By this time, I was feeling pretty run down and had a serious headache. I took a test in Eatonville and it came out positive. What a surprise after the umpteen negative tests I’ve taken in the last two and a half years. Not wanting to infect Nancy’s husband, I elected to make the long trek home that night. Getting in about 10 PM, twelve hours after leaving Sunnyside. What an ignoble way to end a gorgeous journey.

So far, Nancy, Linda and Tom have all tested negative. fingers crossed.

But as many of you know, I have a sweet little cottage with a very nice bathroom. And my husband has been feeding me. So I will get through this. So long for now.

(friends, I know many of you read my posts on your phones which is fine and easy. But the formatting is much better if you read them on your browser.)

July and August by the pix

The beginning of July was quiet.  Still Covid conscious, we did not attend the Fourth of July parade this year.  We had family over for traditional BBQ on the porch.

Spent a lot of time mowing as the wet Spring gave the grass quite a boost.  But I managed to enjoy the water and go on group walks to various gardens around the island.

Near the end of the month my friends came up for a few days and we enjoyed showing off the island and our new, improved cottage.  And the new carriage doors finally arrived and were installed.  A good month for home improvement projects.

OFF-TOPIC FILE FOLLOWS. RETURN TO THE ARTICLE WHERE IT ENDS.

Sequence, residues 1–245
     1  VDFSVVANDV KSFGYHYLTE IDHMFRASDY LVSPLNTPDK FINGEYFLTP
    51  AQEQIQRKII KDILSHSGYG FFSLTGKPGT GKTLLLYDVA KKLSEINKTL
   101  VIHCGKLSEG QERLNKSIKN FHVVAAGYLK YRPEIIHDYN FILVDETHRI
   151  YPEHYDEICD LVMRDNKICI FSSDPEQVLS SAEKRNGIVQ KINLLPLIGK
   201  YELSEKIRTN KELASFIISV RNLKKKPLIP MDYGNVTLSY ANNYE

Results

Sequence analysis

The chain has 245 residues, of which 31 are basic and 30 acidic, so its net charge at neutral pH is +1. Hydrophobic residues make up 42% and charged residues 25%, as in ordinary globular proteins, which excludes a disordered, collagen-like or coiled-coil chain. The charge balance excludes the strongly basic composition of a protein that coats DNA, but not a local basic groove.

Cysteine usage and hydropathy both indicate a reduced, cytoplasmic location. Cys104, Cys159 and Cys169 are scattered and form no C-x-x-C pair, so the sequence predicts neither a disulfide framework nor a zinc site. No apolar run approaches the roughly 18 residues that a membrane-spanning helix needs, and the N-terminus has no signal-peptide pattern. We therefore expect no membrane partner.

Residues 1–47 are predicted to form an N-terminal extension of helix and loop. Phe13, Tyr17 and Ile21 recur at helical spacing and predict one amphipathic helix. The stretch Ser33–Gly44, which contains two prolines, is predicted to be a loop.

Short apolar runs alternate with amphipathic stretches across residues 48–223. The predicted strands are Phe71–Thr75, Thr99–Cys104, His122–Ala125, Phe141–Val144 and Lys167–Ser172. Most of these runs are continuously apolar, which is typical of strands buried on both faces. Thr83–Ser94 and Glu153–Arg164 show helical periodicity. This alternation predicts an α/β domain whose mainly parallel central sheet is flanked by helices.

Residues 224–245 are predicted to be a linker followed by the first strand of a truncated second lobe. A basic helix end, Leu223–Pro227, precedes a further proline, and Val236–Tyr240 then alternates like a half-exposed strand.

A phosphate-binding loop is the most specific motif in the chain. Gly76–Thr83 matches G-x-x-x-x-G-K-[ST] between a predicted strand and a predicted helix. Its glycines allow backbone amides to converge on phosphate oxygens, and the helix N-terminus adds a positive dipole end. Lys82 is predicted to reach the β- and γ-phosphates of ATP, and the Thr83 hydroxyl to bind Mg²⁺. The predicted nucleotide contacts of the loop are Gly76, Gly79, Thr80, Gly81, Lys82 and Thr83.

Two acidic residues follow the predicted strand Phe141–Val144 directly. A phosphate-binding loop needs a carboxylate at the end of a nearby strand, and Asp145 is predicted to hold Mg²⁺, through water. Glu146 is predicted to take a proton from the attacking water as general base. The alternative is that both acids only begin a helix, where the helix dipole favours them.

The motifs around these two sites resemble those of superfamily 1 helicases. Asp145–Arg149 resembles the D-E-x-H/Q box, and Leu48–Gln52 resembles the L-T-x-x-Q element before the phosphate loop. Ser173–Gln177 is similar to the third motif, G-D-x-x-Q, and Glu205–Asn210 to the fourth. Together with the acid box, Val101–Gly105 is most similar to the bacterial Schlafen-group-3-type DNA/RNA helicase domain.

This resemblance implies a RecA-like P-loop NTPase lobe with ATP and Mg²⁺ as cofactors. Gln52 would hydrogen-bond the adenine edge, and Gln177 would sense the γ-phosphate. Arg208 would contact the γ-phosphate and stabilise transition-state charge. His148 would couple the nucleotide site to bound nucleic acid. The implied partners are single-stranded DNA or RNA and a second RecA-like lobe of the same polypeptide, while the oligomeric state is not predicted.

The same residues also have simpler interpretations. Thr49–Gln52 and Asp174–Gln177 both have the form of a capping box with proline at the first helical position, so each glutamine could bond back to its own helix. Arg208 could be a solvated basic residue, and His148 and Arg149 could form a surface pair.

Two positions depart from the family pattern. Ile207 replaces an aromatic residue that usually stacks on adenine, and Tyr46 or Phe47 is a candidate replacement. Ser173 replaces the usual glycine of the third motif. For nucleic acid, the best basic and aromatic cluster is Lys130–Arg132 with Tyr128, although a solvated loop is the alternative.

Segue into August and the improvements and visits from friends continued.  Jay helped Roger fell several “mostly” dead alders when he came for a week.  And then our new range hood arrived and Roger and I put it up ourselves (whew) with the help of large books and a hydraulic lift.

The BIG event of the month was Emily and Will’s wedding at the Chihuly Garden at the Seattle Center.  Saw a lot of family we had not seen in quite a while and the ceremony itself was very nice with a fantastic setting.

We topped this off by meeting with the Ellison side at Lil’s house in Twin Lakes where we met Bree’s twins Kloe and Kaia for the first time.  They’re two already!  And James’ boys have grown so much since we saw them last.  (I know this is all cliché, but it’s true!)

This is us

Not missing a beat, we collected two of our grandkids on the way home.  The San Juan County Fair started immediately.  Roger and I volunteer for our various organizations and we had the kids so—yeah, we were tired.

After a ten-year hiatus, I decided to enter the Trashion Fashion again.  This time with a costume created from long collected Rosamonte Yerba Mate packaging.  It is shiny and red, black, and gold and is from Argentina so of course I went as a flamenco dancer.

The twins had joined us so four grandkids in all.  There was a lot of game playing, some pond activities, train rides, sand castles, and a lot of sitting around looking at devices.  And at least one possible case of Covid before they all went home on Tuesday.